- Start date: TBC
- End date: TBC
- Duration: TBC
- Fees: TBC
- Venue: TBC
The politics of devolved decision-making to cities has put the spotlight on how transport affects economic performance. Growth Deals, City Deals, transport infrastructure funds and Payment by Results are the outcomes of the new politics. Transport schemes are now judged and prioritised on their expected economic outcomes. Like it or not Gross Value Added and jobs are now part of the lexicon in transport planning, but:
- Have we got the right tools to be making decisions based on GVA and jobs?
- Are these tools being applied correctly?
- What is a reasonable level of economic impact? And;
- Underlying all that why do we expect transport to affect the economy?
Judging from the many claims and counter-claims of ‘expected’ economic impact in the media, it may seem like the economic performance of transport has been reduced to rhetoric.
The primary aim of this course is therefore to give transport professionals the knowledge to see through the rhetoric and understand the fundamentals regarding the role that transport can play in shaping the economy and how those impacts can be brought into appraisal. After attending this course transport professionals will:
- have a solid grasp of how, when, why and to what extent transport infrastructure affects businesses and the economy,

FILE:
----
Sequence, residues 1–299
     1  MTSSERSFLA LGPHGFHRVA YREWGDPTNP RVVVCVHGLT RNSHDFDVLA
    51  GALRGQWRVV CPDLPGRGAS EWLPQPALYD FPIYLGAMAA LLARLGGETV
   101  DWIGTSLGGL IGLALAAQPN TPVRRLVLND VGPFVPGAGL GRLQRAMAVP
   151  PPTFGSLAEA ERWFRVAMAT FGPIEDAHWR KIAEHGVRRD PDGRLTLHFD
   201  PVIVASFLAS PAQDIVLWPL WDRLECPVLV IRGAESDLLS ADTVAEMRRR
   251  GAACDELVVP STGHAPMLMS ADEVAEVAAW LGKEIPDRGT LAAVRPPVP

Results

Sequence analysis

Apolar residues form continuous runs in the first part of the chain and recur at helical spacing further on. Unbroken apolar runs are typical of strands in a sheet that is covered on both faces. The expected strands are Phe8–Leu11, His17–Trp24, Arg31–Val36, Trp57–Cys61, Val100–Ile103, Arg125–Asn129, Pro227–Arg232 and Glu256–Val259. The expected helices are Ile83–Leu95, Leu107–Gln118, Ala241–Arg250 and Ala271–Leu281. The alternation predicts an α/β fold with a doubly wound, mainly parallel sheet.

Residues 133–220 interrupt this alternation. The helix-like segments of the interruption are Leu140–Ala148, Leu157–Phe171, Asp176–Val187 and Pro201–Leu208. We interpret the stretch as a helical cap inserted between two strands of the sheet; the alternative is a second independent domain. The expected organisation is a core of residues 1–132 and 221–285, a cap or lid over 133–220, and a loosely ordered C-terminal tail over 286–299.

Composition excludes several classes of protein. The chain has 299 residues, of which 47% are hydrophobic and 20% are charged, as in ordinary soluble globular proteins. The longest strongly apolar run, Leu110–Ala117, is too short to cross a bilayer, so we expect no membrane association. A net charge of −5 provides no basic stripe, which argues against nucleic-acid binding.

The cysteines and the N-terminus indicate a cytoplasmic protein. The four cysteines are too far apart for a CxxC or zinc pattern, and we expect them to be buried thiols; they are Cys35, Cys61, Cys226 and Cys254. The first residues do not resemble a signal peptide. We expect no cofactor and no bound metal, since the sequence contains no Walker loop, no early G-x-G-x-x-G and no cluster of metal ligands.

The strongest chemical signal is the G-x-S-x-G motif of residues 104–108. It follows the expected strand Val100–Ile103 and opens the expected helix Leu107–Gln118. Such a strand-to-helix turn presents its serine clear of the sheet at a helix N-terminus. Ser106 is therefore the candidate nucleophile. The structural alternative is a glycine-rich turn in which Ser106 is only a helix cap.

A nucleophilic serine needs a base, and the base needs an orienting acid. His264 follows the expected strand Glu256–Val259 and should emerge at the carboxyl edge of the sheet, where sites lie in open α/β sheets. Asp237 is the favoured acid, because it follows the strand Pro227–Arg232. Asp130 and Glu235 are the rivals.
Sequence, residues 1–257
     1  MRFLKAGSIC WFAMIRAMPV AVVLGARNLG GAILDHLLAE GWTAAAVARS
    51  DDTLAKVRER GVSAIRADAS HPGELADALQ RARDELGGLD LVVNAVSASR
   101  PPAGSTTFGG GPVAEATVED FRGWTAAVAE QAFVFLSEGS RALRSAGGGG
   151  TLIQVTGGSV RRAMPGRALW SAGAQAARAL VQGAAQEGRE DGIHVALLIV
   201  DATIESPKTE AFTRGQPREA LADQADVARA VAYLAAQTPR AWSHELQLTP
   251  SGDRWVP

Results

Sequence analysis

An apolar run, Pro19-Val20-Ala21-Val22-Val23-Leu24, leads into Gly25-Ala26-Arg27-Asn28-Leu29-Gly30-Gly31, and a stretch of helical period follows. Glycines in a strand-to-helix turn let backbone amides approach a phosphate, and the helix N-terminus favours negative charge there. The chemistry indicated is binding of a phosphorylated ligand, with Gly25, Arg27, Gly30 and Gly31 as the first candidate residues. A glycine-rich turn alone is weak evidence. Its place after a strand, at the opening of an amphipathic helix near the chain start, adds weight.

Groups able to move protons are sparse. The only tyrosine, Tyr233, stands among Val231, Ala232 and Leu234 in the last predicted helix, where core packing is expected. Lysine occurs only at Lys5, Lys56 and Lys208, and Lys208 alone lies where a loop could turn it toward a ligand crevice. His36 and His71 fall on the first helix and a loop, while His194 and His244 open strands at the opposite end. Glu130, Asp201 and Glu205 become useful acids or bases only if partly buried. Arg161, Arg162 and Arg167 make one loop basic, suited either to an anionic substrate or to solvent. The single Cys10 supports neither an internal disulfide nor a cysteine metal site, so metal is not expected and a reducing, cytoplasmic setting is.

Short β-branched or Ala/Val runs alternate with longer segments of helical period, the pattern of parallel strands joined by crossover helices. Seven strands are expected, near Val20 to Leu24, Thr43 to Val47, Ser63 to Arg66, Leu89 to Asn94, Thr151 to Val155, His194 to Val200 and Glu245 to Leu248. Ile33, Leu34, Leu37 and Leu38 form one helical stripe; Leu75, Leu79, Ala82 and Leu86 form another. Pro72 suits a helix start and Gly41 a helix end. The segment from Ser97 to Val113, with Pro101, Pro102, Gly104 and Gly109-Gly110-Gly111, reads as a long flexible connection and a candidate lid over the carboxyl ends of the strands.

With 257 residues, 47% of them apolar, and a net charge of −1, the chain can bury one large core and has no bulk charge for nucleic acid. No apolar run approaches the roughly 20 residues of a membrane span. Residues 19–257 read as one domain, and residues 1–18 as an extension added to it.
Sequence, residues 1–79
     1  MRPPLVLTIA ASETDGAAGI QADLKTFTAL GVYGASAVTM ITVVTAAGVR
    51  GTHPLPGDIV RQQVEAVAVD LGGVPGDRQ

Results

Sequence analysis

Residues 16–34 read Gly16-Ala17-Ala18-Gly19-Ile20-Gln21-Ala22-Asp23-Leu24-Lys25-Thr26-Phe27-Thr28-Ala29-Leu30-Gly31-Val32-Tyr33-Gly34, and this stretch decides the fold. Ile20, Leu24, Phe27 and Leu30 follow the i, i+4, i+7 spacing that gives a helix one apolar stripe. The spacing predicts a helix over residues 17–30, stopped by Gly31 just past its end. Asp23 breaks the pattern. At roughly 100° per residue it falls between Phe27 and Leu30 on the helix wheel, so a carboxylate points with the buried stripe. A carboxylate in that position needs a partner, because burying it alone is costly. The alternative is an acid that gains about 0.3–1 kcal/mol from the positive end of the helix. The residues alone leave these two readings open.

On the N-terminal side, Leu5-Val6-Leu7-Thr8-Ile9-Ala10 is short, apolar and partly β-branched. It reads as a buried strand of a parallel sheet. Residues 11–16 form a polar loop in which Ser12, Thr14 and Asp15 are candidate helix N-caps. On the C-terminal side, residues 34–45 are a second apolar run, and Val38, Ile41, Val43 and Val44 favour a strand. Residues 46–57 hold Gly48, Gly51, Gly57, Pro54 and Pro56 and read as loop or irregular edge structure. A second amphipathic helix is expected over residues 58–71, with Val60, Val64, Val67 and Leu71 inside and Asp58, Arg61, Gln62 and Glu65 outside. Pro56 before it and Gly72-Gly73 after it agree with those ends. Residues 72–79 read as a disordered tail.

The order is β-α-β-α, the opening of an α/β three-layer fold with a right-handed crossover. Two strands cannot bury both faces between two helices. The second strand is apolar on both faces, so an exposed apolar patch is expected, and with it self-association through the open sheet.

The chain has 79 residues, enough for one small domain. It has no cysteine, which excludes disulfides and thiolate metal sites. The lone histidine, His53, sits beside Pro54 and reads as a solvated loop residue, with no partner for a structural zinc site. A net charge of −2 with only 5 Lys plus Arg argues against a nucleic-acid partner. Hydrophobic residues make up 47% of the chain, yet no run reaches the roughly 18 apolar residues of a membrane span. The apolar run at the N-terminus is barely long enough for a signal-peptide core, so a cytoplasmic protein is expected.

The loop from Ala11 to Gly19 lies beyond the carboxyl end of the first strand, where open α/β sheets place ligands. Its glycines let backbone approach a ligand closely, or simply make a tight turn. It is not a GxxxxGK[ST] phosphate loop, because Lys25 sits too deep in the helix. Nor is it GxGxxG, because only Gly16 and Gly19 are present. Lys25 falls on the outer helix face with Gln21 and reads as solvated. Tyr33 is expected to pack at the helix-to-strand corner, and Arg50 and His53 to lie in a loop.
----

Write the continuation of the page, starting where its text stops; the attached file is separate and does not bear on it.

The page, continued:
- understand how to incorporate economic impacts into a transport cost benefit analysis, and
- understand alternatives to cost benefit analysis
Designed for people in the industry, these courses will develop up-to-date skills and knowledge for all transport professionals. They typically last 1-5 days and are accredited to contribute to your personal development requirements.Short courses are taught by active research staff and teachers, with external experts contributing, and are normally held at the Institute for Transport Studies. Alternate arrangements can be made to bring a course closer to you.
These courses can also help you to attain credits towards a postgraduate qualification at the University of Leeds – you will have to formally apply to be a student here, so get in touch to find out more. All courses can be tailor-made to your company’s particular needs. Please get in touch to discuss bespoke course options.
The course contains material on three themes. The first theme is concerned with how transport affects businesses, and transport’s place in regional growth theories. This includes the size and nature of the impacts that transport infrastructure has on the economy. The second theme gives an introduction to regional economy modelling methods including reduced form models and input-output models. It touches on land use transport interaction models and computable general equilibrium. The third theme brings together the two earlier parts and examines how economy impacts can be incorporated into appraisal both within either a cost benefit analysis paradigm or in a GVA prioritisation approach.
Who should attend?
The course is suitable for transport professionals already working in the field of economy impacts of transport as well as those who intend to become involved in this field. It is targeted at:
- Consultants and government officials who are estimating economy impacts;
- Government officials who need to understand the economy impacts of transport so as to present to Councillors or Ministers; and
- Academics and postgraduate students who may be embarking on research in this field.
This course is now closed.
Institute for Transport Studies
Leeds LS2 9JT
Tel: 0113 343 9904